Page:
At a Monday night event, five panelists parsed the question of what "heterogeneity of experience" means on Duke's campus.
The event was sponsored by Duke Student Government, International Association and the Asian American Studies program.
The panelists included Larry Moneta, vice president for student affairs; Janie Long, associate vice provost for undergraduate education; Ranjana Khanna, professor of english and director of the Franklin Humanities Institute; Nayoung Aimee Kwon, associate professor of Asian and Middle Eastern studies and director of the Asian American Studies program; and junior Axel Herrera Ramos, cofounder of Duke’s Define American chapter, which advocates for undocumented immigrants.
Herrera said that the creation of effective, durable identity groups is difficult on college campuses due to quick turnover in leadership.
"Once you’ve been doing work for a few years, you’re almost done,” he said.
Kwon celebrated the fact that Duke has now opened up an Asian American Studies program after decades of student-led advocacy. However, even though Duke is a more diverse campus than it used to be, she criticized the fact that students might still refrain from association with others.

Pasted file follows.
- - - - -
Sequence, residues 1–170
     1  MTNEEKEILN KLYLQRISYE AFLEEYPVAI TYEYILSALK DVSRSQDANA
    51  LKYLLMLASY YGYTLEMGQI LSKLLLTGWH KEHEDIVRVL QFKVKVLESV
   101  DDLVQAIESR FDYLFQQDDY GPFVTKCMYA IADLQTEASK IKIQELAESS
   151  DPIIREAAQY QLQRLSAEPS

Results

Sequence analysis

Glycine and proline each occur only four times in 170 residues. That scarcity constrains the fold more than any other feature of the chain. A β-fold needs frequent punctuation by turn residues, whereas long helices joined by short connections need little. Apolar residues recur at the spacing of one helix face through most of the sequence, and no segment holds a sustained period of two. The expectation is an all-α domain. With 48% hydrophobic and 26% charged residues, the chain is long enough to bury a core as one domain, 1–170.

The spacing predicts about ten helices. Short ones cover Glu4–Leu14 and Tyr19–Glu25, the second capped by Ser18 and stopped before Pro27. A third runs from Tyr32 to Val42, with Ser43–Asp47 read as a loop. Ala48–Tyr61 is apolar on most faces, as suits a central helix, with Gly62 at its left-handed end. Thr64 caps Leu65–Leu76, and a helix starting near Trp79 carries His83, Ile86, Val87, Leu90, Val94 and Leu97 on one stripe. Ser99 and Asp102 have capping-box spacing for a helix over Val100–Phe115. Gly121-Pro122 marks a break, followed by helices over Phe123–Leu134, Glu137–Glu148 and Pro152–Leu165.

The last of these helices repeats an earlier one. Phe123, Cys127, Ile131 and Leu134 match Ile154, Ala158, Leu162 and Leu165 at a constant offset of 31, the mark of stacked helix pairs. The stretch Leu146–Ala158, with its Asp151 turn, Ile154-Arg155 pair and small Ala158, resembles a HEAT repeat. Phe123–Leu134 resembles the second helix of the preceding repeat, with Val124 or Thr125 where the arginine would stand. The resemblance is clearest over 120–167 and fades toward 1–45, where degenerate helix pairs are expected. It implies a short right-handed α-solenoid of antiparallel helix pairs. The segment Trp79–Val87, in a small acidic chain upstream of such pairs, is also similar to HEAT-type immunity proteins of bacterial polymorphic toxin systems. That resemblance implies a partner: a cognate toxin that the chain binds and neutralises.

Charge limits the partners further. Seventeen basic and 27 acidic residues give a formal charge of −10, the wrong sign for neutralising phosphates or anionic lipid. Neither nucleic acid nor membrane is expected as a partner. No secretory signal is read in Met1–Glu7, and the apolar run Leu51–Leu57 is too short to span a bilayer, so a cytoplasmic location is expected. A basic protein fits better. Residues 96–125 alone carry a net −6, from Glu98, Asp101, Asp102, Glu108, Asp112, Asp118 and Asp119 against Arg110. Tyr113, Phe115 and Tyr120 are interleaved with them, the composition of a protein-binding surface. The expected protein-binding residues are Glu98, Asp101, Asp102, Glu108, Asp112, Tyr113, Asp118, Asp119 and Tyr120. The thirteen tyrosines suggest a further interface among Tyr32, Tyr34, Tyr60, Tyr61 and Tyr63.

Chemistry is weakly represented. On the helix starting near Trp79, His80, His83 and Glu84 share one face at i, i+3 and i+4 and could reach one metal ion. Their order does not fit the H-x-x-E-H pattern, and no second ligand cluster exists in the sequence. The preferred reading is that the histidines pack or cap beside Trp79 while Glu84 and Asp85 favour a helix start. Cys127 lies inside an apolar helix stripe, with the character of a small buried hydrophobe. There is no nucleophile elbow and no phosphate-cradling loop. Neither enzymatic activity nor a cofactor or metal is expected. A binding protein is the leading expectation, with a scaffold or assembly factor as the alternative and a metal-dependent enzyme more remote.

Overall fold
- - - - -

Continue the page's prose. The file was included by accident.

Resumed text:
“The university just becomes a space where you can hang out with people who look like you," she said, while acknowledging the benefit of having access to communities of people of one's own background.
Khanna said that safe spaces that prohibit specific arguments go against higher learning, so all students should feel comfortable to contribute their opinions provided they have evidence backing them up. She said that professors have the responsibility to help students thoroughly engage with and comprehend material.
First-year Tori Pinedo challenged the University to promote conversation across racial and gender divides.
In response, Moneta called himself an “environmental engineer.” Moneta pointed to the construction of the Bryan Center. He said that he proposed having the Center for Multicultural Affairs, the Black Student Alliance, the office for Sorority and Fraternity Life and other identity groups in close proximity to one another to lead to increased conversation and richer understanding of one another.
Still, Kwon advocated for professors themselves to take some initiative.
“I feel like after class we just go our separate ways,” she said. “And that hasn’t improved since I was here.”
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As a tip to her fellow professors, Kwon encouraged each class to discuss community guidelines during its opening class so that students from all backgrounds can voice their opinions and requirements to learn most effectively.
“If we can just take ten minutes before class to talk about diversity, this University will be in a much better place," she added.